Web - July 10
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Has the internet killed the joys of sitting down with a good book?
Mark Morford, San Francisco Chronicle
You are not reading enough
... See, I love books. Admire and appreciate and adore. Was a lit major at Berkeley, read voraciously, still love to read, still like to consider myself a big consumer of books and deep thinker about bookish issues and ideas and authoralia.
And yet, if I'm painfully honest, I have to admit it: I barely read books anymore. Not nearly like I used to, anyway. Not for a long, long time. And chances are, if you're at all addicted to the new media vortex, neither do you.
It's become a social conundrum, a cultural sore spot, a morose sign of the times. The question has been posed by agents and writers and a confused, hyperconsolidating publishing industry: What happened to all the readers? What happened to the culture of books? And the hint of fatalism, just underneath: If few truly read anymore, what of the state of the American mind? How much more dumbing down can we possibly stand?
Oh sure, books still sell, product is moving like crazy, but by and large it's truckloads of self-help and how-to flooding over a precious handful of sure-hit novelists, topped off with the grand cherry that is Oprah, single handedly keeping the tepid melodramatic coming-of-age family saga alive. In between, 18 zillion copies of "Eat, Pray, Love."
But overall, the message is bleak: Fewer writers of real talent are being discovered, fewer publishers are willing to take any sort of risk, and serious, literary-minded reading, that glorious pastime, that fine personal art, the immersive and transportive and beautiful intellectual fertilizer, appears to be giving way to the more addictive but far less nourishing hellbeast of new media and the Net.
It's an easy beast to blame.
(9 July 2008)
Protect the web, says Sir Tim Berners-Lee
Bobbie Johnson, Guardian
Researchers have a "duty" to protect the future of the world wide web, according to its inventor.
Speaking at the launch of a new research programme yesterday, Sir Tim Berners-Lee - the British computer scientist who came up with the idea of the web 19 years ago - said it was vital that scientists and engineers worked harder to understand how the web works, in order to keep it evolving.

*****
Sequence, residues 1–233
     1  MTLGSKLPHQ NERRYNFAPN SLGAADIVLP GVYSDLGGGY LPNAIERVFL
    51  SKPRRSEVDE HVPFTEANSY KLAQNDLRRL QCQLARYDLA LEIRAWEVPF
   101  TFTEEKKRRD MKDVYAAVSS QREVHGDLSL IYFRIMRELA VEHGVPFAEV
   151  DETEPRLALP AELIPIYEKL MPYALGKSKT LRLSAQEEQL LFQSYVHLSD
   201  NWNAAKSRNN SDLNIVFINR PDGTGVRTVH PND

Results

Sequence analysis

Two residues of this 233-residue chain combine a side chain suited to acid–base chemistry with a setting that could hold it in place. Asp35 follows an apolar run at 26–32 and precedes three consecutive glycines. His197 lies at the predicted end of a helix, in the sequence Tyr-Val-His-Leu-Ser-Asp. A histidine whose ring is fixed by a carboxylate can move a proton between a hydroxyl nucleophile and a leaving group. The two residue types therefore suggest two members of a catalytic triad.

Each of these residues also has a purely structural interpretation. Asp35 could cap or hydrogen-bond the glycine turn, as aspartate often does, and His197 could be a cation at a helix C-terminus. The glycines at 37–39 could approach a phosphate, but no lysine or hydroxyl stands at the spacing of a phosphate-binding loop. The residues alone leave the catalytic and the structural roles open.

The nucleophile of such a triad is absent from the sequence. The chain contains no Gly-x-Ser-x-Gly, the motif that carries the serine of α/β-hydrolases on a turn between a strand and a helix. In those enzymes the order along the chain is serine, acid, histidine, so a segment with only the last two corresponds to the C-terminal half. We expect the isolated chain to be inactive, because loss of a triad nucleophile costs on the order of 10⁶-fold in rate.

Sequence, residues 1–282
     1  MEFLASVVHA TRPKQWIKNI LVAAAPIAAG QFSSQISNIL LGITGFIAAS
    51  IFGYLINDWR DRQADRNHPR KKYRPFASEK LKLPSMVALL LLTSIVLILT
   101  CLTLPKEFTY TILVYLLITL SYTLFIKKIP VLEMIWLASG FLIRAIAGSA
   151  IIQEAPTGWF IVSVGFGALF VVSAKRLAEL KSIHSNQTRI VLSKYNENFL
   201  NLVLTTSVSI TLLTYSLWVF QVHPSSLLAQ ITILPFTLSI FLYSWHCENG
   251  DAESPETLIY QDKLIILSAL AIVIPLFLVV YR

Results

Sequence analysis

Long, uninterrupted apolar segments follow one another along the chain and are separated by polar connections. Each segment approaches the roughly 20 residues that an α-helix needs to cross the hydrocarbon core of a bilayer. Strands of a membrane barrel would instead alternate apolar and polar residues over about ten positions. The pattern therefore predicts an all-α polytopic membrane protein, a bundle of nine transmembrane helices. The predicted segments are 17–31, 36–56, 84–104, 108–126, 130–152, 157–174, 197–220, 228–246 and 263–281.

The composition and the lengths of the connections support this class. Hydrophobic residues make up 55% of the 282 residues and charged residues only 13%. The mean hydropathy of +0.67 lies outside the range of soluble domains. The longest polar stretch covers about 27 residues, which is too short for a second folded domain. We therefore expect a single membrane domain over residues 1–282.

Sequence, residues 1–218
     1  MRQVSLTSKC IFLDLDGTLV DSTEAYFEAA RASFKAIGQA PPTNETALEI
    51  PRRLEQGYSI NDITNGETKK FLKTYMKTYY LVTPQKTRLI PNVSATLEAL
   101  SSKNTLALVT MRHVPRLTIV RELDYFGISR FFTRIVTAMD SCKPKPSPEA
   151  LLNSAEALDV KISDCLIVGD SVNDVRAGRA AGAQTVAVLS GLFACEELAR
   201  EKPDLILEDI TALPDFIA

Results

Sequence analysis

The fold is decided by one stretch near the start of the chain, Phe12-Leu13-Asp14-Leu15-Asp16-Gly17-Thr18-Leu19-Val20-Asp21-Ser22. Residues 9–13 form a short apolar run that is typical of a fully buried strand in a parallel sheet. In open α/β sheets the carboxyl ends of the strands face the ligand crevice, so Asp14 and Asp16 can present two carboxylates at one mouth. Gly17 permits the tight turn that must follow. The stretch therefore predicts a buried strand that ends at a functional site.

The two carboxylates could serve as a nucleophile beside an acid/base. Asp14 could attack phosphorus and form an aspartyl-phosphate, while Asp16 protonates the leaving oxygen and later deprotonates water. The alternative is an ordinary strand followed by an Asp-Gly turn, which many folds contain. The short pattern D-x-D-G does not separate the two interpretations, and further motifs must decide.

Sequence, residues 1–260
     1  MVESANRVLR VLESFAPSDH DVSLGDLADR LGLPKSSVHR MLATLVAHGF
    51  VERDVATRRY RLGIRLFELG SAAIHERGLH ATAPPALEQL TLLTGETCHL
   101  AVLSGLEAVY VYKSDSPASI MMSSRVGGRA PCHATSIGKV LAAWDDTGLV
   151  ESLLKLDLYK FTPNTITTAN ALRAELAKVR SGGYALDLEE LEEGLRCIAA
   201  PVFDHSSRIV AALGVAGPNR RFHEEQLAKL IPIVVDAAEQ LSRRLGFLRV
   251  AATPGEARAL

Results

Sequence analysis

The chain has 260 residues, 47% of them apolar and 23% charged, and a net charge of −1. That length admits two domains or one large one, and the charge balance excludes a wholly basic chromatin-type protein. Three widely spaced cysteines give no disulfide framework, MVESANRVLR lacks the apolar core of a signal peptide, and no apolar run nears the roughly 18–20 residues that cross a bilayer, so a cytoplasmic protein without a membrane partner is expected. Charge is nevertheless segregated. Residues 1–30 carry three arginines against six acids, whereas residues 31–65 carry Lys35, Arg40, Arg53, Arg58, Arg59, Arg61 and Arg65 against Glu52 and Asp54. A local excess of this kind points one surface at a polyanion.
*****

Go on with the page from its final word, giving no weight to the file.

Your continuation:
"We designed the web, and we can change it: we have a duty to," he said in an interview with the Guardian. "Here is this system a lot of our society depends on - democracy depends on it, commerce depends on it. We should probably watch it to make sure it's stable."
With the rapid growth of the web over the past decade, there have been concerns that it could fragment under pressure from corporations and repressive governments. But Sir Tim said it was important to remember the principles of openness on which the web was built, in order to ensure that any attempt to shape the web's future would remain "pro-human".
"Systems can grow very big and very complex, like ancient civilisations can grow big and complex and then something goes wrong.
(9 July 2008)
Getting ‘Wiki’ with it?
Sean Gonsalves, Common Dreams
As popular a reference tool as Wikipedia has become, our newsroom policy doesn’t allow for our reporters to use it as an official source for any story. And for good reason: Anyone with access to a computer can edit entries.
Through the various industry grapevines, I’ve ascertained that the Cape Cod Times isn’t the only news organization that considers Wikipedia to be a potentially polluted source.
Wikileaks, however, is a different animal - despite the similar interface the fledgling whistleblower site shares with Wikipedia.
If you’re not familiar with Wikileaks, you should be because, since it debuted last year, the international transparency network behind the site has forced governments and news media to take notice, most recently with the posting of whistleblower documents that indicate “thousands of sterilizations, and possibly some abortions, took place in 23 Texas Catholic hospitals from 2000 to 2003,” as reported by the Catholic News Service in the wake of the leak.
The same day of the Catholic hospitals leak (June 15), Wikileaks posted the 219-page U.S. military counterinsurgency manual, Foreign Internal Defense Tactics Techniques and Procedures for Special Forces (1994, 2004).
(7 July 2008)
Just a matter of time before energy and oil documents start showing up on Wikileaks. Perhaps another Hirsch report? -BA